This is a female. Males of the same species in the area had very short wings.  In this picture: Stonefly Family Nemouridae (Forestflies). From the Gulkana River in Alaska.
I'm not positive on the ID on this one -- I can't see the defining characteristics well enough to confirm.
This is a female. Males of the same species in the area had very short wings.

In this picture: Stonefly Family Nemouridae (Forestflies).
StateAlaska
Date TakenJun 24, 2016
Date AddedOct 26, 2016
AuthorTroutnut
CameraNIKON 1 AW1

Most recent comments on this post (latest on top)

TimCatJuly 26th, 2016, 7:36 pm
Okemos, MI

Posts: 91
Looks like a great time! In the pic of that 21 inch bow, it looks like the mouth extends back to the eye like a brookie... I'm guessing that's the mouth plate (scientific term - Ha).
"If I'm not going to catch anything, then I 'd rather not catch anything on flies" - Bob Lawless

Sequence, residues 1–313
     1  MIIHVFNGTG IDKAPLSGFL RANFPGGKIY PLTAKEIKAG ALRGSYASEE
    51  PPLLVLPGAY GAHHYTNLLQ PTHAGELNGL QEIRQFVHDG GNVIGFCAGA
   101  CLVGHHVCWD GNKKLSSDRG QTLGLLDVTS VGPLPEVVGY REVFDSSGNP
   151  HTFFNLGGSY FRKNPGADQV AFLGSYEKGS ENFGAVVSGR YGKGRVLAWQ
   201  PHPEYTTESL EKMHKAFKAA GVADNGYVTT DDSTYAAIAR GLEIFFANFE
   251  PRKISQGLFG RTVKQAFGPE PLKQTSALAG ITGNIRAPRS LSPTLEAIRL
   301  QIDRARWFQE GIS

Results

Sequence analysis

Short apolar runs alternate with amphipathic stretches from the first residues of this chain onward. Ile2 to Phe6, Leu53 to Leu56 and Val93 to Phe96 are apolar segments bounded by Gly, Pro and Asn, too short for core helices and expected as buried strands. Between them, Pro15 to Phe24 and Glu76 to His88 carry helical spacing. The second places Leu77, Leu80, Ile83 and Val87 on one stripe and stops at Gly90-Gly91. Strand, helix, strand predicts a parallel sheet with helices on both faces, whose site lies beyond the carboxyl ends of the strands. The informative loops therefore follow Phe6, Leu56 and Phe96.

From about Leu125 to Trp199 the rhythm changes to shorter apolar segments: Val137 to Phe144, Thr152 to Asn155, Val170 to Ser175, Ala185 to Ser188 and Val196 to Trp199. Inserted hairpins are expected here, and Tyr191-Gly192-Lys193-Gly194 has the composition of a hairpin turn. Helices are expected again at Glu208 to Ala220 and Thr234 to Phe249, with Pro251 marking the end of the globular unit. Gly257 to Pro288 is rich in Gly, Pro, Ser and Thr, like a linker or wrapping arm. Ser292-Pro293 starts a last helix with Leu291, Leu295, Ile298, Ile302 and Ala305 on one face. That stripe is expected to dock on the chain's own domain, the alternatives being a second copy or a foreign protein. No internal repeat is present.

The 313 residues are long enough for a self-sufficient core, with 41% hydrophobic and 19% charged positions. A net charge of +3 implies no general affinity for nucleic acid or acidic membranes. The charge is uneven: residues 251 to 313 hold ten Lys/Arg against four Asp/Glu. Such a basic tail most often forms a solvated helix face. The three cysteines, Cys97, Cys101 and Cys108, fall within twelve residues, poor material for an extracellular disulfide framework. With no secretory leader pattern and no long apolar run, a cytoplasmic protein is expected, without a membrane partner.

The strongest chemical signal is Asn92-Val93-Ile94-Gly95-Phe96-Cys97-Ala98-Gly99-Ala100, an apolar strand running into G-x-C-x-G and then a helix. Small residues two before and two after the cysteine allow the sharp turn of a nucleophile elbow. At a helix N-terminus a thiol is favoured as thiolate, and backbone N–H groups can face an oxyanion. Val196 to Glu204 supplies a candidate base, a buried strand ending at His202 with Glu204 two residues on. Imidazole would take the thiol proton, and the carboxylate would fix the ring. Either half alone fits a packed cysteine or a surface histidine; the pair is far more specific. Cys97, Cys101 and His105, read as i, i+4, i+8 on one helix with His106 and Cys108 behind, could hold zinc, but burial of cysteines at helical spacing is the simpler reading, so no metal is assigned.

Steps25July 25th, 2016, 12:19 pm
Connecticut

Posts: 31
Great post & pics
https://www.youtube.com/channel/UC9EYyyN9n2CwQr-XZClT4bg/
Subscribe, Like, Share, Comments & Feedback Welcome

http://farmingtonriverrodcompany.com/
WbranchJuly 23rd, 2016, 10:19 pm
York & Starlight PA

Posts: 1977
This is one of the guides at the lodge I stayed at in August of 2011. Most of the guides prefer the shotgun with a rubber bullet in the chamber and three slugs in the tube. A couple guides had huge hand guns in shoulder holsters.

Catskill fly fisher for fifty-five years.
Jmd123July 23rd, 2016, 1:44 pm
Oscoda, MI

Posts: 2010
Geez Spence, what's with you and bears? You must not make enough noise in the woods. I'm in bear country pretty often - every time I'm on the Pine at Rearing Pond Road, where I actually saw one four years ago, and at [REDACTED] Pond, where I listened to one grunt his way through the blueberries two years ago. However, not only do I let them know I am there upon arrival, I am generally cussing at the trees that are grabbing my flies so much that I'm sure that keeps them away too. "Man, he sounds like he is not in a good mood, let's avoid him..."